I had very mixed feelings ahead of watching Sacha Baron Cohen’s latest film Grimsby.
Over the years I’ve loved some of his work, most notably Ali G and Borat – two of the funniest characters I can remember during my youth.
It was also something of a novelty to be heading to watch a film named after a place that is signposted on the way to Boston’s West End Cinema.
Yet, for some reason, I had this nagging feeling that it was going to be a stinker.
I held that feeling until about halfway through, when one scene genuinely brought tears of laughter to my eyes.
It was then that I realised I’d been laughing for the majority of the film, regardless of how crass and nonsensical Grimsby is all the way through.
Before I expand more on that, I should probably give you a brief synopsis of the (ridiculous) plot.
Taking centre stage is Baron Cohen’s Carl ‘Nobby’ Butcher, a stereotypical football hooligan who spends his day boozing down the local while wearing his old school England shirt.
He and his partner Lindsey (Rebel Wilson – Glee) have a ridiculous amount of kids with names like Skeletor and Django Unchained…oh, and a massive kebab grill in their kitchen too. Nice.
Nobby is happy enough in his benefits-fuelled life, but is still haunted by the fact he and his brother Sebastian were seperated 28 years earlier. As it turns out, Sebastian (Mark Strong – Kingsman: The Secret Service) is his polar opposite, working as a Bond-like special agent for the brilliantly named Tiger Tail.
However, when a black op goes wrong – and an evil plan to cull a large percentage of the world’s population is revealed – Sebastian is forced to take refuge with his brother back in Grimsby.
With nobody else to rely on, Sebastian has to turn to Nobby for help in his mission to prevent global disaster – and the brothers embark on something of a world tour as they bid to get to the bottom of the evil plot.
Now, if that sounds like a serious plot, don’t be fooled.
Grimsby has an absolutely divisive sense of humour from the very first scene and is likely to be something of a Marmite film.
It crosses the line at every opportunity – and if you’ve not got something of a ‘no-holds barred’ attitude to humour, you’ll probably be offended on a regular basis.
As somebody that is offended by very little, I have to admit that it tickled me a lot more than I anticipated.
Baron Cohen’s Nobby is what you’d expect. He’s essentially the embodiment of a traditional ‘Jeremy Kyle’ guest, but he does at least have a good heart.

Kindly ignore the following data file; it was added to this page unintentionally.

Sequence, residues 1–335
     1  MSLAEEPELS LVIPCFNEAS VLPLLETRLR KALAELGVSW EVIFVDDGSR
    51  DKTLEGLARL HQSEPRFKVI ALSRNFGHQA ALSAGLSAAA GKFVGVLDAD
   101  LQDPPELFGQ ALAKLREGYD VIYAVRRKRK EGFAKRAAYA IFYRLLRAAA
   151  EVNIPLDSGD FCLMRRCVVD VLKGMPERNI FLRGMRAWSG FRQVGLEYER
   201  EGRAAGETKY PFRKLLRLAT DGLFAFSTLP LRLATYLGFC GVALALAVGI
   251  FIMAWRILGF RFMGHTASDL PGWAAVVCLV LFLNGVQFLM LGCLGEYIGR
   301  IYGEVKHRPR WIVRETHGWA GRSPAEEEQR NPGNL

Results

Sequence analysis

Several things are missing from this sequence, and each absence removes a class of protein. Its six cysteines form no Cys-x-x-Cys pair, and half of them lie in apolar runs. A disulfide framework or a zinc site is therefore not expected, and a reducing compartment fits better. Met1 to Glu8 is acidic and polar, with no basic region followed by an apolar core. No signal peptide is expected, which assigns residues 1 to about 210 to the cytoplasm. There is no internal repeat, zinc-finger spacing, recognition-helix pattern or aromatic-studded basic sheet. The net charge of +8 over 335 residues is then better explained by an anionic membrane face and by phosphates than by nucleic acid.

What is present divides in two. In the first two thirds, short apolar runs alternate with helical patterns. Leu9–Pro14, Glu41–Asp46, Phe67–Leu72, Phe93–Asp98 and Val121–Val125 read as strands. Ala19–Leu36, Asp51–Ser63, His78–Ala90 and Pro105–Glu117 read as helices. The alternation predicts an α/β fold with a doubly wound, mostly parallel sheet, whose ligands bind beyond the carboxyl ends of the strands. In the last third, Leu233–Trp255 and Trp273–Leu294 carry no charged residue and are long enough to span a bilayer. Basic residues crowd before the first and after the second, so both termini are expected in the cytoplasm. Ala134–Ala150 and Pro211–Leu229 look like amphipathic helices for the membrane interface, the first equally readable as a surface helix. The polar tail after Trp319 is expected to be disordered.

Strong’s Sebastian is the polar opposite. He’s introduced in a first-person shooter (think Call of Duty) style scene that worked well.
His performance is almost funnier than Baron Cohen’s, given his very stoic treatment of the funnier scenes.
Away from those two, the likes of Wilson, Penelope Cruz, Isla Fisher, Ian McShane, Gaboury Sidibe, Johnny Vegas, Ricky Tomlinson and John Thomson all play small roles – and often take one for the team in order for gags to land.
Of those gags, I found there to be more hits than misses. Of those that miss, there are some pretty nasty (and undeserved) pot shots taken at Daniel Radcliffe, who isn’t even in the film.
It’s in such moments that you wonder which people will actually buy into Grimsby’s crudeness.
I did, against the odds, but this won’t be for everyone.
So if you’re easily offended, give Grimsby a swerve. For the rest of you, expect to laugh. A lot.
Voice Verdict: 7.5/10 (reviewed at Boston’s West End Cinema)
+ Brutally funny
+ Strong and Baron Cohen
– Not for the easily offended
– Daniel Radcliffe bashing
Boston’s West End Cinema (Fri, March 4 to Thurs, March 10)
THE DIVERGENT SERIES: ALLEGIANT (12A)
LONDON HAS FALLEN (15)
1.20pm (Fri/Sat/Sun/Wed), 3.45pm (daily), 6.15pm (daily), 8.45pm (daily)
THE OTHER SIDE OF THE DOOR (15)
2pm (Fri), 4.20pm (daily), 8.45pm (daily)
HAIL CAESAR! (12A)
1pm (Fri/Wed), 3.30pm (daily), 6pm (daily), 8.25pm (daily)
THE FOREST (15)
5pm (daily), 7pm (daily)
HOW TO BE SINGLE (15)
2.40pm (Wed), 8.50pm (Fri/Sat/Sun/Mon/Tues/Thurs)
1.30pm (Wed), 8.30pm (Wed)
1pm (Fri/Sat/Sun), 3.30pm (Sat/Sun), 6pm (daily), 8.30pm (Fri/Sat/Sun/Tues/Wed)
ALVIN & THE CHIPMUNKS: ROADCHIP (U)
10am (Sat/Sun), Noon (Sat/Sun), 2.10pm (Sat/Sun), 4pm (Fri/Wed/Thurs)
DAD’S ARMY (PG)
10.30am (Sat/Sun), 11.30am (Wed), 3.30pm (Mon/Tues)
10.30am (Sat/Sun), 1pm (Sat/Sun)
KUNG FU PANDA 3 2D (PG)
10am (Sat/Sun), 12.25pm (Sat/Sun)
KUNG FU PANDA 3 3D (PG)
PEANUTS MOVIE 2D (U)
Wed 11.30am – Deadpool (15)